I am what we call a forensic geneticist. I work in Berlin in the University Hospital in the Institute of Legal Medicine and Forensic Sciences. I joined this institute very early in 1987, and today I work as a contract lab for the Berlin Police—we do casework—large numbers of samples. Secondly, I am a professor in Forensic Genetics so I do teaching and research with larger projects.
What inspired you to go into Forensics?
After my studies I had a really big chance to join the Institute of Legal Medicine in Berlin which is a very famous institute. The Institute combines the work for the courts with a lot of research, so as a young assistant scientist, I was given a chance to do DNA analysis in the early years. It was invented in 1986 and we started in 1987. So this attracted me enormously and was a really big chance. Our director was charismatic, and he offered me a world of chances so I had no doubt that forensic science, forensic genetics was something that I could do for the next decades.
And so you have…the rest is history. What are you most excited about for the future of forensics? We’re hearing a lot this week about new technologies and new applications, but what are you most excited about personally?
I would say the development of DNA from a pure evidence to an investigative tool, that is what I think we currently see. It is a long way, hard way, with technical challenges but also other challenges, legal challenges, procedural challenges but I think this is the most exciting to have DNA early on as an investigation tool for the police.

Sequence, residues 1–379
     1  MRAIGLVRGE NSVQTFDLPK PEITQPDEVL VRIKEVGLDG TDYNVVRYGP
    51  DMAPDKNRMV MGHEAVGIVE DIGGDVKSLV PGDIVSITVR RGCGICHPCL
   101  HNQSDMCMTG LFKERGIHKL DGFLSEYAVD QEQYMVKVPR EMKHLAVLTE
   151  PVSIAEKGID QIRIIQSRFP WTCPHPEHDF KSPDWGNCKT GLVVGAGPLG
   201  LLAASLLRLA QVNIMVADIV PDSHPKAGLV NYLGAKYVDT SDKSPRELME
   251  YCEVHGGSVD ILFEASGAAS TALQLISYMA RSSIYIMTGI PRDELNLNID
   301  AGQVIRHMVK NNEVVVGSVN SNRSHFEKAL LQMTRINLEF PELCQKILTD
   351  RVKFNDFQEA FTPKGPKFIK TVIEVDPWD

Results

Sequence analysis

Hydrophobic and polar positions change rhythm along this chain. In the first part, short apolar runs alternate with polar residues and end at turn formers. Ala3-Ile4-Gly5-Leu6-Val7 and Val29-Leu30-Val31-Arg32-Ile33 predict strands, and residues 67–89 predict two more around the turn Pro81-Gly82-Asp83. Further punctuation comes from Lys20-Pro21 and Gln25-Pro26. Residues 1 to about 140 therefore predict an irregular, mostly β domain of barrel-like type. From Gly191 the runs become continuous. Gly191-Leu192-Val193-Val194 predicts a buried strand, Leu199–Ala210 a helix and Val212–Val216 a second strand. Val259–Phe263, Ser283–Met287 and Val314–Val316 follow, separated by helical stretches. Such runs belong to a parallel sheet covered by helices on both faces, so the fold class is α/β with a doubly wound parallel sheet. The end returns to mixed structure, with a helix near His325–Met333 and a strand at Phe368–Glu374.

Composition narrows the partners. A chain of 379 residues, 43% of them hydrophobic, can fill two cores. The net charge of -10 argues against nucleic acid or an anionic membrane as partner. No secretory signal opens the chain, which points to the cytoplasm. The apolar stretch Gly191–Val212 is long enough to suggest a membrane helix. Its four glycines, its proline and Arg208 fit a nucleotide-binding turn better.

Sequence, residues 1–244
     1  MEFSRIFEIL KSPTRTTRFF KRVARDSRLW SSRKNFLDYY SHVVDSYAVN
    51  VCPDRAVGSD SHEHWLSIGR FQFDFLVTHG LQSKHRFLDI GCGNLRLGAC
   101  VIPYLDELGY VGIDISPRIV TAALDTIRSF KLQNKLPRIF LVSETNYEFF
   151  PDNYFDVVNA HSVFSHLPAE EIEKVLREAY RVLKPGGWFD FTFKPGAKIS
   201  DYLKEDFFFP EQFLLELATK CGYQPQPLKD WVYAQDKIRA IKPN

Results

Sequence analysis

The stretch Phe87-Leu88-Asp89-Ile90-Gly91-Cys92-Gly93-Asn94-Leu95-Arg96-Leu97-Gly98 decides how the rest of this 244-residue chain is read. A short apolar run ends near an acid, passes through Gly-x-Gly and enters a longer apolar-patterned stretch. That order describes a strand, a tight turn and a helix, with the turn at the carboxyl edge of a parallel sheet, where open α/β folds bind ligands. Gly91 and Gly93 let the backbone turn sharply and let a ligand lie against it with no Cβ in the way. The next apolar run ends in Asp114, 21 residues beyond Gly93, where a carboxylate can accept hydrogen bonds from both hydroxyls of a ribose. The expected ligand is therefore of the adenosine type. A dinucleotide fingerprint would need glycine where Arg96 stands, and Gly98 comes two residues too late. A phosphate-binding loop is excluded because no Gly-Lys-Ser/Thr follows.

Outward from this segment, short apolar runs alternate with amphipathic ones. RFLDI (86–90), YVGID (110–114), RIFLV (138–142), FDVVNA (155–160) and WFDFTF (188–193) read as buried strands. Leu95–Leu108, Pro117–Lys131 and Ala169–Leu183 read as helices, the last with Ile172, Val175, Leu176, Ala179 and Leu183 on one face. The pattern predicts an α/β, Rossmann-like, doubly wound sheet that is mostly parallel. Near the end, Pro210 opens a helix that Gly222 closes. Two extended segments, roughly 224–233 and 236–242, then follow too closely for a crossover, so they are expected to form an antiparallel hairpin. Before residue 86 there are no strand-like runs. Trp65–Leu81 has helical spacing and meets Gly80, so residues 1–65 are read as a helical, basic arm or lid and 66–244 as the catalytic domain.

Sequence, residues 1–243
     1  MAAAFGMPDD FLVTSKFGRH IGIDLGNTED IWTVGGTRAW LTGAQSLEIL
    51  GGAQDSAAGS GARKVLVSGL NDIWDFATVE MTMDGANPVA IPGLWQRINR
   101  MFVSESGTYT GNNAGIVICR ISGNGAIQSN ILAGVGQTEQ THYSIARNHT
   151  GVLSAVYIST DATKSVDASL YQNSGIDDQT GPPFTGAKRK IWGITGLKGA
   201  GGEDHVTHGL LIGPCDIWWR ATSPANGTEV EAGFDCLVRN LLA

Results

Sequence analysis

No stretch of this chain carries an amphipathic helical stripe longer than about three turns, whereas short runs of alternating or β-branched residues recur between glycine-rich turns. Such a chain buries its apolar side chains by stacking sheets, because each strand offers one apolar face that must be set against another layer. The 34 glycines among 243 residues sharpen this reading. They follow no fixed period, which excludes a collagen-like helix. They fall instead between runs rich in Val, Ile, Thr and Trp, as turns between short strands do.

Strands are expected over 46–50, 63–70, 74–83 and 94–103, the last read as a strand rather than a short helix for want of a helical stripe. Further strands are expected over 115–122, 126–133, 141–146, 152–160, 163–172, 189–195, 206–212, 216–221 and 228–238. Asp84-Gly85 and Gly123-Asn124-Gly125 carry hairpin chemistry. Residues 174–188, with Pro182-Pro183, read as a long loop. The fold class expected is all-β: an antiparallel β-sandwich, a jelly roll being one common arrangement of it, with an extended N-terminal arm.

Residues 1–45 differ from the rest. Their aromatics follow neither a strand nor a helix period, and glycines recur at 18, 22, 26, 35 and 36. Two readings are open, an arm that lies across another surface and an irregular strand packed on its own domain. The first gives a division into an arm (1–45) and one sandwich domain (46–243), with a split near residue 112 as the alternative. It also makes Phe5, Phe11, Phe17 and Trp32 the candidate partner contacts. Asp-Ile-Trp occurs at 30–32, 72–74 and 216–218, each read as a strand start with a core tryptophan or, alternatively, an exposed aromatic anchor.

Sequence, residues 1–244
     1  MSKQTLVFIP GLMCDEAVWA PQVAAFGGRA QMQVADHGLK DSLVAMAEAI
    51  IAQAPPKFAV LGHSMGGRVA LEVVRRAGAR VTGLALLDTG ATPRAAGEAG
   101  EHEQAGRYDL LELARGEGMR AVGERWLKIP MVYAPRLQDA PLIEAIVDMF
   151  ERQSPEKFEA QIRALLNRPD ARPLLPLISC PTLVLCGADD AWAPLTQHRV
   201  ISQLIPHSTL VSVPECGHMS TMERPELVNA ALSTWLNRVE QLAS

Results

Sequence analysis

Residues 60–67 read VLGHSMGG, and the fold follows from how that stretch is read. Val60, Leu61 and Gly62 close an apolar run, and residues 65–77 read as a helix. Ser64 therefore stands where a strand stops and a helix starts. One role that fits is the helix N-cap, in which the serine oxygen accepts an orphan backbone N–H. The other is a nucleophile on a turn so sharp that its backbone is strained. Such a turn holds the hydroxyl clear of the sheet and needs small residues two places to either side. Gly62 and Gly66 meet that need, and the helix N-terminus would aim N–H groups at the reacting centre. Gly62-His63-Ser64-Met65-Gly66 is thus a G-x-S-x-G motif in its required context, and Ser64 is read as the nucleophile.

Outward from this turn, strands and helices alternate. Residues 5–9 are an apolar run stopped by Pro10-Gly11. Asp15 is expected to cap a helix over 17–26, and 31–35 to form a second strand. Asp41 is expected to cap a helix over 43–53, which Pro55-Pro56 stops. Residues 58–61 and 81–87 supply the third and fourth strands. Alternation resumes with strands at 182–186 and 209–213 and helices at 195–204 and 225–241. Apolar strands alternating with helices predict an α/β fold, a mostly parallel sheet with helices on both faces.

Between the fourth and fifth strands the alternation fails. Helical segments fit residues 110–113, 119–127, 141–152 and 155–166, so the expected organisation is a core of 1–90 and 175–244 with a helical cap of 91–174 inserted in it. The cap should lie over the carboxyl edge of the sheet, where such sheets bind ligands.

I consider you a Rockstar of Y-STRS. You have a list of accomplishments that is quite long. Are there 2-3 that you are most proud of that you’d like to share?
By chance, we cloned the first STR on the Y-chromosome and we used it in the first year in a rape and murder case and someone who was innocent was released from jail. This was my start with the Y-chromosome. And of course, the 2nd big thing was to organize “out of the box” workshops without any big companies or societies behind. So we organized it simply for the sake of sharing the technique. This was the middle of the 90s. From these workshops a database arose, which is now well known, it is the YHRD. It is a large reservoir of data from scientists working in forensic labs, now at more than 300 labs, and they share data. And I think this is the spirit which we created in the middle of the 90s. And maybe it was the time which allowed it, which is today more difficult. Because of this spirit, I’m proud of that.
It’s quite the legacy. There have to have been some challenges as well. What were some of the biggest challenges that you had to overcome in the field?